Gilbert v. Word et al
ORDER adopting 71 Report and Recommendation of Magistrate Judge Mary Gordon Baker; granting in part and denying in part 36 Motion for Summary Judgment; denying 66 Motion for Summary Judgment. Signed by Honorable Mary Geiger Lewis on 2/28/2017.(ssam, )
IN THE UNITED STATES DISTRICT COURT
FOR THE DISTRICT OF SOUTH CAROLINA
ROBERT E. WORD, JOSEPH
MCFADDEN, DANTE WRIGHT, and
CIVIL ACTION NO. 2:15-3535-MGL-MGB
ORDER ADOPTING THE REPORT AND RECOMMENDATION,
GRANTING IN PART AND DENYING IN PART
DEFENDANTS= MOTION FOR SUMMARY JUDGMENT,
AND DENYING PLAINTIFF=S FED. R. CIV. P. 54(D) MOTION
Plaintiff brings claims under 42 U.S.C. ' 1983 and the South Carolina Tort Claims Act,
promulgated at S.C. Code Ann. ' 15-78-10 through 15-78-220. He seeks both compensatory and
punitive damages. Plaintiff is proceeding pro se.
The matter is before the Court for review of the Report and Recommendation (Report) of
the United States Magistrate Judge suggesting Defendants= motion for summary judgment be
granted in part and denied in part. Specifically, the Magistrate Judge recommends Defendants=
motion be denied as to Plaintiff=s June 8, 2012, excessive force claims against Defendants Wright
and Sear and granted as to all other claims. The Magistrate Judge also suggests Plaintiff=s Fed.
R. Civ. P. 54(d) motion be denied. The Report was made in accordance with 28 U.S.C. ' 636 and
Local Civil Rule 73.02 for the District of South Carolina.
The Magistrate Judge makes only a recommendation to this Court. The recommendation
has no presumptive weight. The responsibility to make a final determination remains with the
Court. Mathews v. Weber, 423 U.S. 261, 270 (1976). The Court is charged with making a de
novo determination of those portions of the Report to which a specific objection is made, and the
Court may accept, reject, or modify, in whole or in part, the recommendation of the Magistrate
Judge or recommit the matter with instructions. 28 U.S.C. ' 636(b)(1).
The Magistrate Judge filed the Report on January 26, 2017, and Defendants filed their
objections on February 20, 2017. The Court notes Plaintiff failed to file any objections to the
Report. A[I]n the absence of a timely filed objection, a district court need not conduct a de novo
review, but instead must >only satisfy itself that there is no clear error on the face of the record in
order to accept the recommendation.=@ Diamond v. Colonial Life & Acc. Ins. Co., 416 F.3d 310,
315 (4th Cir. 2005) (quoting Fed. R. Civ. P. 72 advisory committee=s note). Moreover, a failure
to object waives appellate review. Wright v. Collins, 766 F.2d 841, 845-46 (4th Cir. 1985). The
Court is satisfied there is no clear error on the face of the record as it relates to Plaintiff=s claims.
Thus, it will adopt those portions of the Report unfavorable to Plaintiff without further discussion.
First, Defendants object to the Magistrate Judge=s discussion of Defendant Wright=s second
administration of pepper spray because, according to Defendants, Athese factual allegations . . . are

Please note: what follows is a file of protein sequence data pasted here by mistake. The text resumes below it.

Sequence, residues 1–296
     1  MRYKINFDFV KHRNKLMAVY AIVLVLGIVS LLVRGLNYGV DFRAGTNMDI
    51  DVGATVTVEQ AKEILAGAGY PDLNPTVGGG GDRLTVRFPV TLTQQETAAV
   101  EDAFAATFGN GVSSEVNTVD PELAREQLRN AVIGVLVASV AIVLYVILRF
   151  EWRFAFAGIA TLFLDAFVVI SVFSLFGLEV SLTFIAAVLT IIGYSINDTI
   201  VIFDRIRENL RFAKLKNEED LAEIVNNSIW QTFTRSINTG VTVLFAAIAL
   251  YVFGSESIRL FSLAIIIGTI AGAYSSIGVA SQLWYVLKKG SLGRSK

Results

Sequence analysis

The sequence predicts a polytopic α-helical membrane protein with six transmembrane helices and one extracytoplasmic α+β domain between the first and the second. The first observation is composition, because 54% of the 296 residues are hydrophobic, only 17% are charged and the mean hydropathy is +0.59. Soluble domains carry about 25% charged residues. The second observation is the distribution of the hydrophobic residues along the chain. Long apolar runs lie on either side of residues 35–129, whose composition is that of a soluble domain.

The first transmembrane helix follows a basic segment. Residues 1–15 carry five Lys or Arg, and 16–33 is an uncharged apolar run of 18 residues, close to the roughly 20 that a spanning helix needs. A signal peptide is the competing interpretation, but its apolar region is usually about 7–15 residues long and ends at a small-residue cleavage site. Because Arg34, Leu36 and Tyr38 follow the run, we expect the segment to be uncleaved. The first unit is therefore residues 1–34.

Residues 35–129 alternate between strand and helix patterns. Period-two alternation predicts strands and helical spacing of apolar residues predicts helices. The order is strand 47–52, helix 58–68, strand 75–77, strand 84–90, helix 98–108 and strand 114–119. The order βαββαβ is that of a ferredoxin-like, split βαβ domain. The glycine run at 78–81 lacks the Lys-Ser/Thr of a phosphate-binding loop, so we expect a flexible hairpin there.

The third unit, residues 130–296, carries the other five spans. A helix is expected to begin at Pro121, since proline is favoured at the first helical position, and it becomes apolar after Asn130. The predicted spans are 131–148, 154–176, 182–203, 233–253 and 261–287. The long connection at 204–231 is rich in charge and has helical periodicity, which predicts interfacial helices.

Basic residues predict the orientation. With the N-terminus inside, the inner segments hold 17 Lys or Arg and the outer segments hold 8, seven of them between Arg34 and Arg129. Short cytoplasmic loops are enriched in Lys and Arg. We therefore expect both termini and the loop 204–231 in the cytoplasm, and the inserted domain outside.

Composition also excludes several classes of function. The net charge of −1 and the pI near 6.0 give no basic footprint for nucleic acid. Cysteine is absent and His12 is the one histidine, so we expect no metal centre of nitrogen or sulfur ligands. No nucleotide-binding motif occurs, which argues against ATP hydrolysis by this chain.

not relevant to the actual recommendations of the Report.@ Objections 2 n.3. Although it is the
first administration of pepper spray, and not the second one, at issue here, the Magistrate Judge
evidently provided this information to give the Court a brief overview of the all of the relevant
facts. Defendants are in no way harmed by the recitation. Consequently, the Court will overrule
Second, ADefendants object to the recommendation that Plaintiff properly and fully
exhausted his administrative remedies prior to filing this action. Specifically, Defendants object
to that portion of the Report that analyzes exhaustion of administrative remedies with regard to
Defendant Sears.@ Id. at 5.
The Court has reviewed Plaintiff=s Grievance No. LCI 1254-12, the gravamen of which is:
A[o]n 6-8-2012 at about 12:25 a.m. Lt. Wright came to Mr. Gilbert=s cell (247 B-wing of SMU)
and maliciously sprayed 225 grams mace chemicals into Mr. Gilberts face, head, and back, without
just cause, w[h]ile Mr. Gilbert was in handcuffs.@ ECF No. 36-4 at 11. The Court agrees with
Defendants to the extent Plaintiff=s grievance fails to state any allegations against Defendant Sears
or describe any conduct attributable to him. As such, the Court concludes Plaintiff neglected to
exhaust his administrative remedies as to Defendant Sears and thus will dismiss Defendant Sears
from this action.
Third, ADefendants object to the provisions of the Report that recommend that Defendants'
Motion for Summary Judgment should be denied as to Defendants Wright and Sears in their
individual capacities.@ Objections 7 (emphasis omitted). ASpecifically, Defendants object to the
Report=s recommendation that Plaintiff has set forth sufficient evidence to constitute a genuine
issue of material fact as to whether he was deprived of a right, privilege, or immunity secured by
the Constitution of laws of the United States in relation to the allegations of excessive force against
Defendants Wright and Sears.@ Id. (emphasis omitted).
Because the Court has dismissed
Defendant Sears from this action due to Plaintiff=s failure to exhaust administrative remedies as to
claims against him, the Court will address only the allegations with respect to Defendant Wright.
At the summary judgment stage, a court must view the facts in the light most favorable to Plaintiff,
the non-moving party. Miller v. Leathers, 913 F.2d 1085, 1087 (4th Cir. 1990) (en banc) (stating,
in an excessive force case, the inmate was to Ahave the credibility of his evidence as forecast